The Other Side Of BYOD: Are You Prepared For The Face-Off?
Everybody is bringing their own device at work. BYOD has now become more than a concept and devices ranging from smartphones, tablets, laptops or other personal devices, are being used for both business and personal work. While benefits of BYOD are manifold, such as convenience, improved productivity and the potential for cost savings; this also poses a huge risk to the business.
Undeniably, BYOD plays a major role in employee satisfaction and productivity, but the question is – would you want to achieve it by keeping your business at risk? The answer is – No. Business risk shoots up drastically when personal and business applications amalgamate, especially, if personal apps have high susceptibilities of cybercriminals using the business information out of that device, or to inset a malware that will then make the device a channel for tainting the backend network systems.
As per a recent survey report by Google’s Our Mobile Planet,the average mobile user downloads 25 apps on their smartphone, each with their own set of permissions and rights to their device. Mostly, these apps are used by users for pleasurable acts like gaming, travel, shopping, and much more –all through their personal mobile providers. The chilling fact here is that, once the device is connected to your network through the corporate VPN, all that movement will reach out and touch your network data. To understand the magnitude of the risk, we can just multiply those 25-32 apps by the number of users in the organization who use their personal devices at workplace. Not just this, it also stances risk on both personal and business traffic on network bandwidth.
Over the years, many organizations have tried looking into this menace seriously by bringing multiple policies to gain more control on the BYOD security but nothing seems to have worked out for them. Though organizations introduce guidelines for securing the corporate data such as mandatory encryption, along with endpoint integrity checking, and auditing of mobile devices, etc., industry surveys reveal that these policies are usually not enforced strictly by these companies.
Another strategy to get rid of security threats is by blacklisting certain personal apps, so that when those apps are used, organization will immediately detect and request the employee to de-install it from the device before it touches the corporate data. But the challenge here is that this kind of tactic does not serve the purpose because the employee might find an alternative to keep that app in the device.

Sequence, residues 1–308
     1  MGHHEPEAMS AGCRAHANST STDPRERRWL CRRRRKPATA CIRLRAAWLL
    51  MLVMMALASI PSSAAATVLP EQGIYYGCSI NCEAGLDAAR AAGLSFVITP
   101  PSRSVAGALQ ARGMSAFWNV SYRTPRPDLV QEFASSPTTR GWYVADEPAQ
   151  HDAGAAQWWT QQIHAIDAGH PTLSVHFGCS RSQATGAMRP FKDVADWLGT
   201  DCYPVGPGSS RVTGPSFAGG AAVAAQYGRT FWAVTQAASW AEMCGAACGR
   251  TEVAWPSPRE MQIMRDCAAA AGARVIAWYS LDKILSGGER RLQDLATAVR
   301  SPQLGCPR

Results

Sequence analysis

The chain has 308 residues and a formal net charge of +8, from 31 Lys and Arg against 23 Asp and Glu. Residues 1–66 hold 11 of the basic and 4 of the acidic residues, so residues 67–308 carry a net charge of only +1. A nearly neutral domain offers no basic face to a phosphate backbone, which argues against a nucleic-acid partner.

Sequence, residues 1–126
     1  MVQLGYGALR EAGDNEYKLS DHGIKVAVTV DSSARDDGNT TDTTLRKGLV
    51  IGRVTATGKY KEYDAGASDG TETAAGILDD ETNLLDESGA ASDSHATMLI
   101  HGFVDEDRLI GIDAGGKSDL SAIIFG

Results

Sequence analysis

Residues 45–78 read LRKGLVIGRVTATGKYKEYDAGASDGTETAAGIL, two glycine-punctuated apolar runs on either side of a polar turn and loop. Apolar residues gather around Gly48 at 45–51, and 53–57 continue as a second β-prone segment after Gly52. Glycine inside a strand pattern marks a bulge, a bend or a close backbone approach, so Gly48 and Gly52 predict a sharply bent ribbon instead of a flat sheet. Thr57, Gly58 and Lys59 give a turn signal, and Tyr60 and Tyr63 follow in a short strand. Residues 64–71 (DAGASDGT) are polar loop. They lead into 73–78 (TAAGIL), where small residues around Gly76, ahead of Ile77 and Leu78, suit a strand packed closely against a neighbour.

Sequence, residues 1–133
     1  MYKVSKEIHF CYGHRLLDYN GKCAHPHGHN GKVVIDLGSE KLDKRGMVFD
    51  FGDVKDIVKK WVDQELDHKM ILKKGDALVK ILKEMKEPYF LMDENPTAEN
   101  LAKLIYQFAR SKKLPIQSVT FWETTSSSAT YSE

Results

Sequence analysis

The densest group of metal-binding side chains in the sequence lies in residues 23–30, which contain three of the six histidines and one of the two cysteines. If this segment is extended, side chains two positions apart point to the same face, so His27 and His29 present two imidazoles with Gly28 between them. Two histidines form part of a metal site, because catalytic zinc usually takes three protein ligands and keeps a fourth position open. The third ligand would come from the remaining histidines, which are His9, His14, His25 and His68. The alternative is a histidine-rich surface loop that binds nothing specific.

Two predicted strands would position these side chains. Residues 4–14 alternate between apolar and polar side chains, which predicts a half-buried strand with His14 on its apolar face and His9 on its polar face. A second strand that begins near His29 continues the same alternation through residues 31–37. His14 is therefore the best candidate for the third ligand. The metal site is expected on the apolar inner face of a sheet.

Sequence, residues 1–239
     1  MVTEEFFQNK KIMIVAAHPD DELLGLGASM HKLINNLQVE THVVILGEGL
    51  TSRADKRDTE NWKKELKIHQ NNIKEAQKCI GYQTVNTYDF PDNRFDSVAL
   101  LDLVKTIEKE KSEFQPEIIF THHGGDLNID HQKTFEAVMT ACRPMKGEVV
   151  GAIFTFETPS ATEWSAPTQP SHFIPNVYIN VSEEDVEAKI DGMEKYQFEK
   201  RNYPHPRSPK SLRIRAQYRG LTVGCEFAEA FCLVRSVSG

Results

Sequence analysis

There seems to be a big rift between the IT and users when it comes to BYOD security. Whilst BYOD has gained huge popularity across enterprises, security still holds minimum priority for the users, who resist the idea of mobile device managementagents or security controls being placed on their devices to protect privacy of personal data and apps.
All these state of affairs puts the IT team into a spot where they have to rethink how they want to support mobile access. Erstwhile, keeping the mobile device access to corporate data and resources safe alongside respecting one’s personal data privacy created many complexities. It needed a complex mix of proprietary mobile applications, custom application development, and multi-box solutions from multiple vendors.
To combat growing security threats, there are few steps that CIO’s and IT teams can follow:
- It is imperative for organizations to make sure that per-app VPN technology will support any mobile app of your choosing without development or customization
- Understanding the right backend resource that companies would want users to access, whether web apps, client/server apps, file shares or virtual desktops and look for VPN technology that can support access to all required workloads is of extreme importance
- Infecting a mobile app is one of the easiest ways for hackers to gain access. Therefore, along with mapping the apps that you will allow to access the network, you can also ensure that those apps are absolutely safe and are not compromised
The adoption rate of BYOD has witnessed a major spike over the years. This means, that IT can no longer keep the security aspect aside. Per-app VPN technology combined with strong security policies is certainly being looked at as a perfect way to put an end to this menace and organizations across sectors should enforce it as early as possible.
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